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Is D'Angelo's Black Messiah the surprise album of the year, or just passably predictable?

Is D'Angelo's Black Messiah the surprise album of the year, or just passably predictable?

Unless you've spent all day wrapping Christmas presents and listening to "Winter Wonderland" on a loop, you will know that today's biggest music news is the arrival of D'Angelo's new album—its impending release has been discussed for, literally, years. Of the grand title, D'Angelo released the following statement at last night's playback:

"Black Messiah is a hell of a name for an album. It can be easily misunderstood. Many will think it’s about religion. Some will jump to the conclusion that I'm calling myself a Black Messiah. For me the title is about all of us. It's about the world. It's about an idea we can all aspire to. We should all aspire to be a Black Messiah. It’s about people rising up in Ferguson and in Egypt and in Occupy Wall Street and every place where a community has had enough and decides to make change happen. It's not about praising one charismatic leader but celebrating thousands of them. Not every song on this album is politically charged (though many are), but calling this album Black Messiah creates a landscape where these songs can live to the fullest. Black Messiah is not one man. It's a feeling that, collectively, we are all that leader."

A strong sentiment indeed. So, as the year comes to a close, does Black Messiah deserve a place on our 20 best albums of 2014 list? Two Time Out New York music editors weigh in.

Sophie Harris:
"Believe the hype, believe all those ecstatic tweets, believe your coworkers' verging-on-annoying insistence that you have to listen to it now—D'Angelo's comeback album is superb. Black Messiah is the musical mastermind's first album in 15 years; if you want to get a sense of where he's been since his last record, the also-groundbreaking Voodoo, read our primer from when the soul man made his tentative return to the public sphere in 2012. Suffice to say, Black Messiah is worth the wait. Produced by Soulquarian associate Questlove, the arrangements are super crisp but also warm and lived-in, and the melodies seem to burst into bloom. Stream it for free here and see for yourself."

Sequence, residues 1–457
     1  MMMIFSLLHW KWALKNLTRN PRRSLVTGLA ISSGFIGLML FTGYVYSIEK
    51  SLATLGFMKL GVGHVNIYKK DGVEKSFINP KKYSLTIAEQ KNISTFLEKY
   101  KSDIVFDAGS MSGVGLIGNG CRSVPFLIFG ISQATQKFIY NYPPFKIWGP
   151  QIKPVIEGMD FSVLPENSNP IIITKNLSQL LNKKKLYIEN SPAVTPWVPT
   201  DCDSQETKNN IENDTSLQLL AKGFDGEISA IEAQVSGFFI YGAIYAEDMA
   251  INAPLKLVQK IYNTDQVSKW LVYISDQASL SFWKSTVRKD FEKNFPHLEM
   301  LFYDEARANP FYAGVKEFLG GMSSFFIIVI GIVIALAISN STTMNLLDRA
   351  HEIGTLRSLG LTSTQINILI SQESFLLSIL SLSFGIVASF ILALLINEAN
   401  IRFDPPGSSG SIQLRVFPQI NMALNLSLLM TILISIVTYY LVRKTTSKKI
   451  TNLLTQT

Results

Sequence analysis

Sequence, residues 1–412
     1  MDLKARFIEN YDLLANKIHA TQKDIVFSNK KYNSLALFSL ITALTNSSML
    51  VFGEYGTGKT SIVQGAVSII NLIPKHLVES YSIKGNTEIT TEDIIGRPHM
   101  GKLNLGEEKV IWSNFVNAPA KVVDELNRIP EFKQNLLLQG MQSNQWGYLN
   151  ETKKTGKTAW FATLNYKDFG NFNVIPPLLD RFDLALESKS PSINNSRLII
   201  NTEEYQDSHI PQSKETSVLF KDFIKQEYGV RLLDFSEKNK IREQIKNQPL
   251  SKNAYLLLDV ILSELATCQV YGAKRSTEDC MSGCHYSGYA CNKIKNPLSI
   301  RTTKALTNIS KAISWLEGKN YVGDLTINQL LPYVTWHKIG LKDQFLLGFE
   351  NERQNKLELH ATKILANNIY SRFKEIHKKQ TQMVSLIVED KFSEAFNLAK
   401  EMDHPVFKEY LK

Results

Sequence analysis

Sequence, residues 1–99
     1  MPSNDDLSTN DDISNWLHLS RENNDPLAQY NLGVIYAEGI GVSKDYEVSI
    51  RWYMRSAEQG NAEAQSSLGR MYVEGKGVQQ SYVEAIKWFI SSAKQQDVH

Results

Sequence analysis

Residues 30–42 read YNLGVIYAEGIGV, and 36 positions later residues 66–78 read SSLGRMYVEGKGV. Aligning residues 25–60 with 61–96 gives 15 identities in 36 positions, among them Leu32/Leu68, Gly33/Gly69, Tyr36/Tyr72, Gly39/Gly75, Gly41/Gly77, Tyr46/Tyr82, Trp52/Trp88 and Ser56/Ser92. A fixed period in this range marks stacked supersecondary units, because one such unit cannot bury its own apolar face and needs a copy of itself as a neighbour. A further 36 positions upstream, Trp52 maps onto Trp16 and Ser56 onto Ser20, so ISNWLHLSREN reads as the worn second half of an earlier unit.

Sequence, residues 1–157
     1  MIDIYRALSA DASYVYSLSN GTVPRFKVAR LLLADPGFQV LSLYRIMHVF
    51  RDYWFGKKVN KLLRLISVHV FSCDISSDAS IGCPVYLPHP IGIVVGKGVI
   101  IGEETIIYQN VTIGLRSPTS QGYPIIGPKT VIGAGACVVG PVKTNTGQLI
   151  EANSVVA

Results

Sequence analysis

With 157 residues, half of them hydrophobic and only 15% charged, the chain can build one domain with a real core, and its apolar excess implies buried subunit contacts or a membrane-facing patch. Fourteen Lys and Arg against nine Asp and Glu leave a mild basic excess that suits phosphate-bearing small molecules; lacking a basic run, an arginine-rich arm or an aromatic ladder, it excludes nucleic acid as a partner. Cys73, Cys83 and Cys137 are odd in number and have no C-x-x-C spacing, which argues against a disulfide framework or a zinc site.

Brent DiCrescenzo:
"This year will be remembered for its blood, protest and tear gas. The American history of 2014 was written in hashtags and on T-shirts. I can't breathe. Hands up don't shoot. These 12 months of turmoil deserve their own What's Going On or an N.W.A. Despite its album cover, this long-awaited D'Angelo record isn't it. After 14 years in the woods, the soul throwback returns with an hour of gorgeous and swampy, if rather predictable, funk. Contrary to his public statement about the LP, the politically charged atmosphere here is largely relegated to the artwork and the title. ​Aside from "1000 Deaths," these sticky jams seem largely concerned with love, faith and groins. Which is not a bad thing. Black Messiah's mere sudden existence is exciting. Call it the Aphex Twin syndrome. But as with Syro, Black Messiah reminds me how much I have been neglecting the artist's older work. It's no Voodoo, nor is it as strange, modern and direct as Erykah Badu's two recent New Amerykah albums. While there's not much like Black Messiah being made in the mainstream today, I'm not ready to call it great. Stepping out of its fog, the only line I can remember was a quip about his abs. There's too much fat. It's too nostalgic to mirror our present."

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